Erik doesn’t think there’s a single reason, but he offered a couple of ideas:
- Internal tools are frequently seen as the artifacts of cost centers that must measure success by reduction in budget (how cheap can we go?), rather than value maximization (how effective can this make our people?)
- Another reason is that there isn’t any competition. Khoi Vinh said in a 2007 article, “Shielded away from the bright scrutiny of the consumer marketplace and beholden only to … information technology managers who are concerned primarily with stability, security and the continual justification of their jobs and staffs…”
In short, enterprise products aren’t subject to the scrutiny and forces of the market, and there often isn’t enough critical mass to act or a voice loud enough to speak on behalf of employee software experience inside these organizations.
A glimmer of hope
Slowly but surely, organizations are starting to realize that design isn’t just a differentiator for customers, but also for the performance of their own employees.
“Design plays a role in employee performance.”
Erik gave evidence in the upward movement for design players in enterprise hierarchy as well. The fact that one of the world’s largest consumer packaged goods companies, Johnson & Johnson, now has a designer in the C-suite. And Capital One acquired Adaptive Path. Hopefully, these sorts of working relationships will foster better internal experience to rival the end customer experiences we all love.
Unfortunately a few UX leaders does not a solution make — the enterprise space desperately needs more practitioners eager to solve some extremely challenging and nuanced problems that require an eagerness to dive deep into the subject matter.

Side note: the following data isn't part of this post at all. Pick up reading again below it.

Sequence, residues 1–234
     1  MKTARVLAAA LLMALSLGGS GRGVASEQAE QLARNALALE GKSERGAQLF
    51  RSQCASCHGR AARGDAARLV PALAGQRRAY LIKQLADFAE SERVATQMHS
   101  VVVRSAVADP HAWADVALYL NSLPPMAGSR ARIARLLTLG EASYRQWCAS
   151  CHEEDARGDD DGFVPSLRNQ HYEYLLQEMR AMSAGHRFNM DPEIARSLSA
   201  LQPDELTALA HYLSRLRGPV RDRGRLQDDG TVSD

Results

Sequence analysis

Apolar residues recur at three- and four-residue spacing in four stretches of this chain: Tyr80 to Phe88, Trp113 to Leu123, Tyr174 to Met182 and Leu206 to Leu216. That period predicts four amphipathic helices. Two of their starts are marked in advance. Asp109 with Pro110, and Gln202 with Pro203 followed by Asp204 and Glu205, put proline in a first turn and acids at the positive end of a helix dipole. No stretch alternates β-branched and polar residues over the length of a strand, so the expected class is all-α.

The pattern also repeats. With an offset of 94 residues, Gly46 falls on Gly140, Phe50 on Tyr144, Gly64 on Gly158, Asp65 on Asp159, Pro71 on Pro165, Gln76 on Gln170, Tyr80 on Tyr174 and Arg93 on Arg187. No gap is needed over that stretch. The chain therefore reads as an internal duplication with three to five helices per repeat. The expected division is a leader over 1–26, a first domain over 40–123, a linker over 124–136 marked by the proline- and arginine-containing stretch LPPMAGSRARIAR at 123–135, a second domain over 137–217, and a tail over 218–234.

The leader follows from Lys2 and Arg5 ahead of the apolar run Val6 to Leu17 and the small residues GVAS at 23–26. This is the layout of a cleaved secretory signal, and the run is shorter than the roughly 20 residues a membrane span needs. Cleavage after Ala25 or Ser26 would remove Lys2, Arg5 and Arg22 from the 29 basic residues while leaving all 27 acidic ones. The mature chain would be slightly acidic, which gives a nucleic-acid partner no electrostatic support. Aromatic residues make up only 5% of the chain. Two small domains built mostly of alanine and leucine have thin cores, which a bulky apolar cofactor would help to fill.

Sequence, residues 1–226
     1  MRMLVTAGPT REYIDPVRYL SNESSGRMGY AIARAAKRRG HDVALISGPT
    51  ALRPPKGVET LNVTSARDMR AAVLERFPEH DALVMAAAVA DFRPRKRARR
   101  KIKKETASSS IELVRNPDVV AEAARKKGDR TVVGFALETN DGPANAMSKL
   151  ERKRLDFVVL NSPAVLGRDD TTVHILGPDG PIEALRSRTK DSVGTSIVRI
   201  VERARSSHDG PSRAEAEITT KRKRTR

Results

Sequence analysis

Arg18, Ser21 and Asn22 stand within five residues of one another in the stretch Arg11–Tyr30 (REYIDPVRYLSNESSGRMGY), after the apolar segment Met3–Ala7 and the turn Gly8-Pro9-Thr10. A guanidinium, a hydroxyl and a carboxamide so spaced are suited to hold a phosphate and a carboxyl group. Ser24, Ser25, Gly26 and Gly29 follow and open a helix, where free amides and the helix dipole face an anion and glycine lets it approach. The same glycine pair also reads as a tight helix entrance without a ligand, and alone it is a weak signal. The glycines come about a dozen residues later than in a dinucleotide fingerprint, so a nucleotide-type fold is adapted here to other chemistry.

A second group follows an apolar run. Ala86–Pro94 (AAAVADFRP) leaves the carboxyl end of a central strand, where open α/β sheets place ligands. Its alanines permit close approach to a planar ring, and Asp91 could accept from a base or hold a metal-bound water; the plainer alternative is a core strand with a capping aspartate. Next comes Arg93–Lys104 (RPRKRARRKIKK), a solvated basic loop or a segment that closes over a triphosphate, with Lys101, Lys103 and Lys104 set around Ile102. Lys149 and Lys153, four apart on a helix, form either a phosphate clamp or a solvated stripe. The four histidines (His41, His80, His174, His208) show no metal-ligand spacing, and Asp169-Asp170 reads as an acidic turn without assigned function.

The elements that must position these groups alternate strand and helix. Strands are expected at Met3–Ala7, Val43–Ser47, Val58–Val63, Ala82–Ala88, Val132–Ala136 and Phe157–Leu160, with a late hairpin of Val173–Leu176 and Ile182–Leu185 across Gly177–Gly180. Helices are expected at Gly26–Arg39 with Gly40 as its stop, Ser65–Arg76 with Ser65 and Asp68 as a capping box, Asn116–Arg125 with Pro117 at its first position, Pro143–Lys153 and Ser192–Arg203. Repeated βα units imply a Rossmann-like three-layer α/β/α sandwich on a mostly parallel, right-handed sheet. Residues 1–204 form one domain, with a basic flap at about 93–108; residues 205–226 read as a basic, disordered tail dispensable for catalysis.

And, it’s an exciting space to be in. At bare minimum, designers can take those pieces of software that millions of employees are forced to use and improve them. That itself is an extremely rewarding impact.
Unusable software increases task completion time, which decreases productivity. When 60,000 people spend an extra 15 minutes trying to log time in a retail chain, the productivity loss is considerable. And worse, when software solves the wrong needs — when the user experience is poor because the utility is low or use case is mismatched — people often develop workarounds to complete the tasks they need to.
“By improving the daily routine of one employee, we can indirectly impact a whole host of end users”
Better enterprise user experiences involve better utility and usability, which mathematically mean more productivity. Not surprisingly, more productive output ultimately means more problems solved, which indirectly means more choice and better experience for end users, customers, patients, citizens, etc.
In short, by improving the daily routine of one employee, we can indirectly impact a whole host of end users. Enabling others to do their work and solve problems themselves is an incredibly rewarding trickle-down opportunity.